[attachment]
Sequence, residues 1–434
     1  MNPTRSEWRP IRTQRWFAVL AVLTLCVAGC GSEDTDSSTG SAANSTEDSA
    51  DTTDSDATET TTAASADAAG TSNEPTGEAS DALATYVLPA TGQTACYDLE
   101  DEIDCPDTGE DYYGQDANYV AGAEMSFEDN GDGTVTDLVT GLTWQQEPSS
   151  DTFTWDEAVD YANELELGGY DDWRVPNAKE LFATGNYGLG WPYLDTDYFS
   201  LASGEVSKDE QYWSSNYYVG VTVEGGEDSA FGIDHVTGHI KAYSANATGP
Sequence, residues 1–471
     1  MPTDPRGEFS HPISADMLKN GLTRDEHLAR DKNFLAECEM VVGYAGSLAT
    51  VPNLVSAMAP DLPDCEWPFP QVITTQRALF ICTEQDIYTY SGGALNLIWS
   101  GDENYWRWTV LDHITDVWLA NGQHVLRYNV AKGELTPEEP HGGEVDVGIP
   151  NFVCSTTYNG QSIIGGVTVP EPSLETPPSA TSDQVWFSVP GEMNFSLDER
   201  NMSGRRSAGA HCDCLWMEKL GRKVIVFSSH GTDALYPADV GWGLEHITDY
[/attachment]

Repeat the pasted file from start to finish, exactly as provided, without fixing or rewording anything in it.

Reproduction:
Sequence, residues 1–434
     1  MNPTRSEWRP IRTQRWFAVL AVLTLCVAGC GSEDTDSSTG SAANSTEDSA
    51  DTTDSDATET TTAASADAAG TSNEPTGEAS DALATYVLPA TGQTACYDLE
   101  DEIDCPDTGE DYYGQDANYV AGAEMSFEDN GDGTVTDLVT GLTWQQEPSS
   151  DTFTWDEAVD YANELELGGY DDWRVPNAKE LFATGNYGLG WPYLDTDYFS
   201  LASGEVSKDE QYWSSNYYVG VTVEGGEDSA FGIDHVTGHI KAYSANATGP
Sequence, residues 1–471
     1  MPTDPRGEFS HPISADMLKN GLTRDEHLAR DKNFLAECEM VVGYAGSLAT
    51  VPNLVSAMAP DLPDCEWPFP QVITTQRALF ICTEQDIYTY SGGALNLIWS
   101  GDENYWRWTV LDHITDVWLA NGQHVLRYNV AKGELTPEEP HGGEVDVGIP
   151  NFVCSTTYNG QSIIGGVTVP EPSLETPPSA TSDQVWFSVP GEMNFSLDER
   201  NMSGRRSAGA HCDCLWMEKL GRKVIVFSSH GTDALYPADV GWGLEHITDY